You may already have made some jam from early fruits such as rhubarb - rhubarb and ginger jam is delicious!  I always kick off the season with a batch of Elderflower cordial in June.  It reminds me of when I was expecting my 2nd daughter.  I was already a week overdue and having lots of false starts & going a little out of my mind - it was also very hot that year!  I tired all manner of home remedies to induce labour and eventually struck on the notion that if I started a project she was sure to arrive.  So I set about making Elderflower cordial convinced that whilst it hung overnight straining through a muslin I was sure to have my baby.  I didn't, it was another week before she arrived but we had some lovely cordial to toast her arrival.

image via decorative country living where you can also purchase these vintage french jam jars
Anyway now is the time to start collecting your equipment together and particularly collecting all the empty jam jars and glass bottles that you can lay your hands on.

Monday, 14 May 2012

Eat A Rainbow - Week 2

This weeks vegetables are... Sweetcorn and Butternut Squash

I found two lovely sweet corn recipes on the BBC's sight.  My repertoire in sweetcorn recipes extends to haddock chowder and that's it, I felt I needed to try something new.  Having had a roast chicken on Sunday and made stock with the bones this cchicken noodle soup  recipe seemed spot on.  I snipped the noodles using scissors into manageable sized pieces before giving this to the girls.  Neither of them liked it, which was a shame as I thought it was delicious.  I feel a little to grown up for children and a bit bitty too.
On Friday night we tried sweetcorn nachos as a treat.  My girls thought I was giving them crisps for tea and didn't seem to mind they were loaded with vegetables, they both asked for seconds!

I tired butternut squash two ways.  I felt a bit bad about cooking butternut squash in the spring as it is not in season and therefore expensive and long haul veg.  However I cooked it two ways a both times it was eaten and at the moment that's a massive priority.  Like I say my daughter has been unwell and lost a lot of weight because of her eating habits.
Recipe one - I diced the squash (I hate prepping butternut squash) and mixed it with some other root vegetables in a roasting tin.  I drizzled with a little olive oil and added a couple of sprigs of rosemary.  I roasted the veg for about 15mins in a hot oven and then opened a packet of sausages and laid these on top of the veg to cook for a further 20mins.
I used the left over roasted butternut squash for recipe number two later in the week.  I made a risotto - adding a couple of sage leaves with the onion and at the end added the roasted butternut squash.  This would also be nice with bacon added.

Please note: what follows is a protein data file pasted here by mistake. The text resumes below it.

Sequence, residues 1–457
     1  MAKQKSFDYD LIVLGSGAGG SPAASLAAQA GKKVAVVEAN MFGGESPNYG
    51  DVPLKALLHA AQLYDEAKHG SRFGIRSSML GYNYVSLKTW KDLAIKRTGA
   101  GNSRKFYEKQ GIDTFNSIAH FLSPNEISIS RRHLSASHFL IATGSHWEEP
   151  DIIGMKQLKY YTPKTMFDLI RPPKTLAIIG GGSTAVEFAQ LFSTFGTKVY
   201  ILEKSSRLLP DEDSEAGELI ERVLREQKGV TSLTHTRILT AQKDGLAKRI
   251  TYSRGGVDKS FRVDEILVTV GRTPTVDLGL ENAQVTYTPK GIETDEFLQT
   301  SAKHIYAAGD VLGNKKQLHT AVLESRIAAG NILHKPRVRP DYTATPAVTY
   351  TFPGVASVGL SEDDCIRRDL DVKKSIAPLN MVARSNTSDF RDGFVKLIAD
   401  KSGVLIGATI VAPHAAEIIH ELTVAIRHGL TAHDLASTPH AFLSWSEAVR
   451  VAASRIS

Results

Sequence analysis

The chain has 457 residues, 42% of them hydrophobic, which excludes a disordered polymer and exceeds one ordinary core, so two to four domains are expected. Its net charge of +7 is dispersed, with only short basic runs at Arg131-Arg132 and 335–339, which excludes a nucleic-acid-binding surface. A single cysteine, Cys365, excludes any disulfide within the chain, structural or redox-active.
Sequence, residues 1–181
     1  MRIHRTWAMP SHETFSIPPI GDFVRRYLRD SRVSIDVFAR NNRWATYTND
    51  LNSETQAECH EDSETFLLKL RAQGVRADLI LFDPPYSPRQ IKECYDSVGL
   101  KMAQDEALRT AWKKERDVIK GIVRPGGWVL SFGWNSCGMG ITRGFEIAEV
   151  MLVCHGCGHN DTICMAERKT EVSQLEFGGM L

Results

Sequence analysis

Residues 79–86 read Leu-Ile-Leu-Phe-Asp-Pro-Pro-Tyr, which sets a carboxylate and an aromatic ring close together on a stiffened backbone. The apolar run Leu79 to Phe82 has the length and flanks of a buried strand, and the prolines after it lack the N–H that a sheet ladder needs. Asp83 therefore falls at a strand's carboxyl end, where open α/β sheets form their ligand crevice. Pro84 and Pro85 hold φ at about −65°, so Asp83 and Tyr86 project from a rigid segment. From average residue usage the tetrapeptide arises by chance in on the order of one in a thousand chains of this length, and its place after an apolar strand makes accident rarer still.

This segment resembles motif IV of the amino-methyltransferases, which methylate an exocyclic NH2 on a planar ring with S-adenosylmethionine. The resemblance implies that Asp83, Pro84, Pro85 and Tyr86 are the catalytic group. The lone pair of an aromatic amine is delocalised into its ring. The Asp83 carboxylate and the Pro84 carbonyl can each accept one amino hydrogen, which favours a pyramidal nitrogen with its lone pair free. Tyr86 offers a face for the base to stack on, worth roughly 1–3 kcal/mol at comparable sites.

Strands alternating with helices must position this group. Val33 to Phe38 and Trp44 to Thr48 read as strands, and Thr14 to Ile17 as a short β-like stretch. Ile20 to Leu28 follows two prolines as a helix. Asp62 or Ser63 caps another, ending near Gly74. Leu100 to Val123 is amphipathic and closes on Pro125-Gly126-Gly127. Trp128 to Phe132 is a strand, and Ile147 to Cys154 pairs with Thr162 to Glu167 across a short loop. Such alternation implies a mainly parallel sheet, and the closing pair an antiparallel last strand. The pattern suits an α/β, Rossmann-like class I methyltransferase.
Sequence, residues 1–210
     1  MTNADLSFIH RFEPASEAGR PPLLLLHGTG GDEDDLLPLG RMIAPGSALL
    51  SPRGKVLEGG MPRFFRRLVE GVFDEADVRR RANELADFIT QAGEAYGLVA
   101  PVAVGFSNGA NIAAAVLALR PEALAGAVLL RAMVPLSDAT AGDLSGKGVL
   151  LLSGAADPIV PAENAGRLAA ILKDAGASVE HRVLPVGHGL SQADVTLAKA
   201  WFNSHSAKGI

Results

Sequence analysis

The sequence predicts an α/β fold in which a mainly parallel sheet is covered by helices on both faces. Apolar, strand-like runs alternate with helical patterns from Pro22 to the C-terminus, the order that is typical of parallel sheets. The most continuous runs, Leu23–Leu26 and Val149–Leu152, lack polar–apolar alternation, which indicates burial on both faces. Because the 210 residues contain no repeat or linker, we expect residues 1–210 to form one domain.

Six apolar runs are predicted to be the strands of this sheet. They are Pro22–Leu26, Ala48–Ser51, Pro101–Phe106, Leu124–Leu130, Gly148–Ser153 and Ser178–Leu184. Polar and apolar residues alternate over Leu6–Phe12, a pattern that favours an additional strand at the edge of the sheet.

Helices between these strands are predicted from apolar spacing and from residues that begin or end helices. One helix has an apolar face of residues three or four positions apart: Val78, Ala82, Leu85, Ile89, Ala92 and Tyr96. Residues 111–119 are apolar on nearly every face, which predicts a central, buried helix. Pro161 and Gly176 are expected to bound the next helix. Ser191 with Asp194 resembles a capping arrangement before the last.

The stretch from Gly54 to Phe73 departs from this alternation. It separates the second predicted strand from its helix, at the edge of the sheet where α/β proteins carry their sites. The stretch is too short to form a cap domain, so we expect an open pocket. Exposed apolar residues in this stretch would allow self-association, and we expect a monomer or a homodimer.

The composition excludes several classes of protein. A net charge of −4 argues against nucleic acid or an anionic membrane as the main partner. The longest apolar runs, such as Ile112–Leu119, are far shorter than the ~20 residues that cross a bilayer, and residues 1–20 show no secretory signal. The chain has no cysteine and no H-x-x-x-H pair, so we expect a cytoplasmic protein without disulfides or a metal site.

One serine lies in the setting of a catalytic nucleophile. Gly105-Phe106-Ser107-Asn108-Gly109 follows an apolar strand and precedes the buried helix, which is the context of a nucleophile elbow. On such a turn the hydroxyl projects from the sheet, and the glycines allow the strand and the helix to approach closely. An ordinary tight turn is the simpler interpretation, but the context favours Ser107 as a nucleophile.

Thursday, 10 May 2012

Useful little pots

Hello Readers

I'm sorry I haven't posted much lately, life got in the way again but I'm back now.  
This post is perhaps a little tongue in cheek - I know how to laugh at myself.  I've been thinking about all the bicarb I've been using up lately and what to do with all those little pots.  Here are my ideas please feel free to comment and leave your ideas.
  • Store screws and other hardware in the shed (I'm imagining a whole shelf with neatly labelled and sorted screws - the pots with the flip lids would be perfect for this)
  • store hair clips and elastics
  • hold paperclips
  • use as a cup to wash children's hair in the bath
  • punch holes in the bottom and make a bath toy
  • plant seedlings in them
  • use as a pen pot
  • store beads in them or organise your craft materials
  • Pierce a whole in the lid, place a ball of string inside and thread the end through the lid and viola a string dispenser.
My girls like to use the empty Borwicks containers to play shops with - who can blame them they are attractive looking.
image via
If you fancy decorating your pot why not use stickers or scrap booking paper.  You could even use a scrap of pretty fabric and copydex glue to secure it or simply write whats inside your pot for easy reference.

I'm sure there are endless uses for these useful little containers I look forward to hearing your ideas.

Friday, 4 May 2012

DIY Pore Strips

Another friday beauty tip for you..
Do you know those pore strips by Biore?  They cost about £8 a pop but do a lovely job of clearing and refining pores.  Guess what gelatin and milk - does the same!!!

Click here for full details.

I tried this and I didn't see any evidence that it removed black heads but it refined my pores brilliantly.  If you can get past the ick factor in this project it's well worth trying.  Try adding a few drops of rose water if you don't like the smell.
One tiny note keep it out of your eye brows unless you want them removed - oops!

Wednesday, 2 May 2012


As you know we have an allotment.  We have had moderate success in our first year but there is one thing that grows exceptionally well on our allotment - weeds! 

Some people have chosen to lay weed membrane all over their plots, except the beds.  We have tried some areas of weed membrane but found it wasn't 100% effective and it is costly to do a whole plot.  Mostly it's just a case of diligently visiting our plot and hoeing every bed and maintaining the paths as best we can.  However I read this tip the other day & I want to try it around our raspberry plants as there is a lot of soil implanted between the plants where weeds grow.

Apparently weeds will not grow through wet newspaper!  Here is what to do - put your plants in and put a good layer of newspaper around them, overlap the pieces and then wet the newspaper really well and mulch over the top.  We will be using wood chipping as these are delivered to the allotment by a local tree surgeon for all to use.  Some Gardner's do not like to use newspaper because of the chemicals in the ink and the paper itself but if it will keep my weeds away I'll give anything a go.